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Yule Log

by Ed Stephens Jr.

Private Pilot magazine, December,  2005


A typical pilot flies a $120,000 airplane, has an $800 watch, a $300 headset, and, of course, wears a $275 leather flight jacket.  Yes,  it takes a tower of expensive gear to reach the heavens, and some build it all atop...a three-dollar logbook. 

What a wimpy foundation.                

Airplanes come and go, but logs stick with you for life.   The gray-hairs out there know this, which is why you see them brandishing  weighty tomes embossed with intimidating declarations like  “Senior Pilot” or “Professional Pilot.” 

Never mind the “senior” and “professional” appellations, that’s just the Marketing Boyz outsmarting themselves by lending an air of exclusively to something that is really a basic necessity.   So who needs “junior” and “unprofessional” logs?  Nobody.  Not even junior non-professionals.  There’s simply no advantage in it.

Yet this wacky trend continues. It starts with students.  They’re issued glorified cocktail napkins by well-meaning CFIs, who are trying to save a newbie some pocket change on a purchase that has lifetime implications.  The road is paved with good intentions. Many students never make it to fully-licensed status, so they don’t want to over-invest in flight gear.   Point noted.  And point dismissed with extreme prejudice:  A logbook is not the place to bet against yourself.  Save chump change some other way.  

Chief among my cheapo chumpy logbook gripes is that they won’t hold enough flights per page to keep an active pilot on the same page before lunch time.  Assuming, of course, that the pages haven’t fallen out.  Anyway, every time you start a new page you have to tally and carry-over the data from the prior page.  Your (well, my) inevitable carrying errors get folded forward into perpetuity.  These errors come to your attention five years down the road, at 3:35 a.m. to be precise, when you, and your logbook, are preparing for an 8:00 a.m. checkride.   That’s a rotten time to have to learn forensic accounting.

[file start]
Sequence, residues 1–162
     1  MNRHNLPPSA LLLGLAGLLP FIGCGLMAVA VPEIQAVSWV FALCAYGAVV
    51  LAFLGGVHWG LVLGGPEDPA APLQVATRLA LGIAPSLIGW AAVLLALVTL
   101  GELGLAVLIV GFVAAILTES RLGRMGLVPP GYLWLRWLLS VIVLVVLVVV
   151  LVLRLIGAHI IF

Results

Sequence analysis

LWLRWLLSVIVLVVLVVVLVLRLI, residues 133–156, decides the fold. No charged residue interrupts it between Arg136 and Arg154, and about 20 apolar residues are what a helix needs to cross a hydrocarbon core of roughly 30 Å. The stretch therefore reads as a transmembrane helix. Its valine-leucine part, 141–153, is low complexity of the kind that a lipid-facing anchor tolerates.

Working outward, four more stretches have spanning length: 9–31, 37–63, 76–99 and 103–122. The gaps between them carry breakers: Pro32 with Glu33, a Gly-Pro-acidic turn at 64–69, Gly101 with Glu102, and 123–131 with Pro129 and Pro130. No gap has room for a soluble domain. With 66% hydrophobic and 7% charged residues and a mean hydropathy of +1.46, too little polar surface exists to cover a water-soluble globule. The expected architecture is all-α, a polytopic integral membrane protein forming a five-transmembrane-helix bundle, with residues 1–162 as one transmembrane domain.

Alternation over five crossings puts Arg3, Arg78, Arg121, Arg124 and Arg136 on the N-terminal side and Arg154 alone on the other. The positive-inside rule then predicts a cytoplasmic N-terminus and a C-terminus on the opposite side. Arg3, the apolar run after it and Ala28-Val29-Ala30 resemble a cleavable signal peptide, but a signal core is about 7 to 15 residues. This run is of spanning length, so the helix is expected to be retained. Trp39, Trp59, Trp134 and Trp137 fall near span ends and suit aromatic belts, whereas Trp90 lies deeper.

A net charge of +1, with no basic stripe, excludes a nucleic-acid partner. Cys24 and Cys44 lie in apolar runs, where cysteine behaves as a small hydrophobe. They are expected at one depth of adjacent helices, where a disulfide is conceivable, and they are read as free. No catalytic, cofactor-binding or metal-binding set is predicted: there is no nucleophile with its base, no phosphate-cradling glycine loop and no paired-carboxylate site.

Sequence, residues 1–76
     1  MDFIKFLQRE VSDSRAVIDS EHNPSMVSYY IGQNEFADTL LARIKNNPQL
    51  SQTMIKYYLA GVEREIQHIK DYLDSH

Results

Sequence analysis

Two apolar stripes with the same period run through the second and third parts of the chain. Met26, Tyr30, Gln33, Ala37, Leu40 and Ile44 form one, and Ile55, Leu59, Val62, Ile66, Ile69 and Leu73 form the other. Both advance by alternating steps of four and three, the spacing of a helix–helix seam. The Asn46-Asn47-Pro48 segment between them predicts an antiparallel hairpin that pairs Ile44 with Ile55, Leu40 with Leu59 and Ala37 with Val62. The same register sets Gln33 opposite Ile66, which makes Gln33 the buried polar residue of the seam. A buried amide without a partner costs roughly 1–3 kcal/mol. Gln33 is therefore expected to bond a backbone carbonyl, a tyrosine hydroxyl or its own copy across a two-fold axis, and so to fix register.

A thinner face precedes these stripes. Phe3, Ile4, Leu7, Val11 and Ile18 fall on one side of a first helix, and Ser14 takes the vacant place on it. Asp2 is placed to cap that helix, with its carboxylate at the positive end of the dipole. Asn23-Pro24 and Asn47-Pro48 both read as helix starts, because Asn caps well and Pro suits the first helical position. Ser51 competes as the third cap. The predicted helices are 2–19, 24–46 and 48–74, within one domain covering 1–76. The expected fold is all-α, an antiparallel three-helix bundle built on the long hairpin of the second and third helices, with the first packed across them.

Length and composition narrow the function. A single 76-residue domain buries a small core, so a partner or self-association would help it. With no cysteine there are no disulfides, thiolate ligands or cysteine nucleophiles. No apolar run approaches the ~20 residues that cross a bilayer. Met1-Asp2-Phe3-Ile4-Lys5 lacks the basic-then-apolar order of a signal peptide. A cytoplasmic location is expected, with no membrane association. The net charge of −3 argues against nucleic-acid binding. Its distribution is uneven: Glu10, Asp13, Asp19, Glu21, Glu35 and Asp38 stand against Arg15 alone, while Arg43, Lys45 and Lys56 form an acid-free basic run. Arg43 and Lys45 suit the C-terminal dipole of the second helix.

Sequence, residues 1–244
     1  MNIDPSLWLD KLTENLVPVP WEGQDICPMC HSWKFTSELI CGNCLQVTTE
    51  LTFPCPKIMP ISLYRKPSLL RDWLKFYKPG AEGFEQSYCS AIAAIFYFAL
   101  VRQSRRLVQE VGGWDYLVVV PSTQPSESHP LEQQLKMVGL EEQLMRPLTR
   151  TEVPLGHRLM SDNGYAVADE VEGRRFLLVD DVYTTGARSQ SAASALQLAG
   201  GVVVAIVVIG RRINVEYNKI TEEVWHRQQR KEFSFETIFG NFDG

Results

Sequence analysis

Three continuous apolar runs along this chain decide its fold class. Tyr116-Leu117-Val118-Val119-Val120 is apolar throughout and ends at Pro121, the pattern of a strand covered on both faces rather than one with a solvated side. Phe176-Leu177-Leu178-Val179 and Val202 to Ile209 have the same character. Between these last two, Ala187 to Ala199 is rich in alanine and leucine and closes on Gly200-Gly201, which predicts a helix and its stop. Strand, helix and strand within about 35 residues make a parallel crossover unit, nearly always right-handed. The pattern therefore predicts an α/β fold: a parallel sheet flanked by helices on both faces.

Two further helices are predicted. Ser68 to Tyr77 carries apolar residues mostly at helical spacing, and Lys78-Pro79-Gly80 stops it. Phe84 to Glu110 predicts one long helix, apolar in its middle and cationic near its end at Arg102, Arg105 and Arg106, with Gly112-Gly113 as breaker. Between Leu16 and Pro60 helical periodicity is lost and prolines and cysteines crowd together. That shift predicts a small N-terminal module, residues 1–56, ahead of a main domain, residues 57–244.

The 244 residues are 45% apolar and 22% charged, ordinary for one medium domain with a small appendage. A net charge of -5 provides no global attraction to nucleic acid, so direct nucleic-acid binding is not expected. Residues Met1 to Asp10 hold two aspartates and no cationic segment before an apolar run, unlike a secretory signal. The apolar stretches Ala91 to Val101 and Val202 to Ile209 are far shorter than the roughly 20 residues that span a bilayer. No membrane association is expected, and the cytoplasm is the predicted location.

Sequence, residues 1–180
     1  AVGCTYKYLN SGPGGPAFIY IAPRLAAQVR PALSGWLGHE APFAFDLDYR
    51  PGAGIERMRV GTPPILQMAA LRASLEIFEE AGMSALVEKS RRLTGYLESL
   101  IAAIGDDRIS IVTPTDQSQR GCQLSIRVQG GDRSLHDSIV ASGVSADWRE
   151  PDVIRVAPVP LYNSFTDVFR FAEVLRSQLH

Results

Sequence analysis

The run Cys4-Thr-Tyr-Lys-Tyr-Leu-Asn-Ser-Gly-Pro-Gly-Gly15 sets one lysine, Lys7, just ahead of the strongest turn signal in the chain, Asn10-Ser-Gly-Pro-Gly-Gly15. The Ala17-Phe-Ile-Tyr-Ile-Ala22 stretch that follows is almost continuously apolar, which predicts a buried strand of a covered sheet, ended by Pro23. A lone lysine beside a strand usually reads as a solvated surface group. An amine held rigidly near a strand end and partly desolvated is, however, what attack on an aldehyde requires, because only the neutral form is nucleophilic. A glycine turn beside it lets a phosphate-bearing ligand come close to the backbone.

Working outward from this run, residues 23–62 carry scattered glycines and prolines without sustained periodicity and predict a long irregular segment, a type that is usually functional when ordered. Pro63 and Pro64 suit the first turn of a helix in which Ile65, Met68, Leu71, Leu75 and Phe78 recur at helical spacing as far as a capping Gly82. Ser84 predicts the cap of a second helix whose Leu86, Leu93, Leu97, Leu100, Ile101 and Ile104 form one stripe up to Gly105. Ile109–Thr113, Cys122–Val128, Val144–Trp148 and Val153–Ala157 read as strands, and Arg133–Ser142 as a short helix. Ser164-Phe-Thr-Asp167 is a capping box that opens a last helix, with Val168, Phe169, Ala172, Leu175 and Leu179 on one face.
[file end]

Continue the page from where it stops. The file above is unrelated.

In the same vein, a serious logbook reduces the page-flipping factor at the photocopier or scanner.  Ah, aviation, where paranoia and redundancy are kissing cousins.  My logs are scanned and copied onto CDs, which are stashed away in dispersed places, the better to withstand tactical nuclear strikes, swarms of voracious locusts...or the fact that I am plagued with a knack for losing important stuff. 

Indeed, in this era of $40 scanners,  the “dog ate my logbook” excuse doesn’t work.  Not if the dog ate your copies, too.

I’ll wag the obvious and mention that a serious logbook will have enough pages to serve you for decades, and enough columns to account for rating upgrades, notes, and remarks. 

Personal preference plays a key role in this realm, but Sporty’s Senior Pilot Flight Log and Record ($19.95) is a benchmark.  It has 16 rows (flights), 28 columns, and a total of 272 pages. CFIs should note that it contains seven pages of pre-written endorsements, which saves on the writer’s cramp factor.

This logbook has a faithful companion, the Sporty’s Flight Log Case /Organizer (large, $15.95).  It’s a  folio that  keeps the log safe from coffee spills (my specialty) and rain splashes (my other specialty). It has a place for a pen, a cubby for documents, and Sporty’s can even embroider three initials on it.  Great idea. That’s a tempting Yule time gift.            

My favorite logbook was, indeed, a gift back in 1991.   Together we’ve tallied time all over the world: jets, choppers, props, turboprops...remote jungles, little islands, big cities, and everything in between. 

Jet: $7,559,000.  Prop: $59,400.   Lunch in Pago Pago: $11.25. 

Logbook: Priceless.


© 2005 Ed Stephens Jr.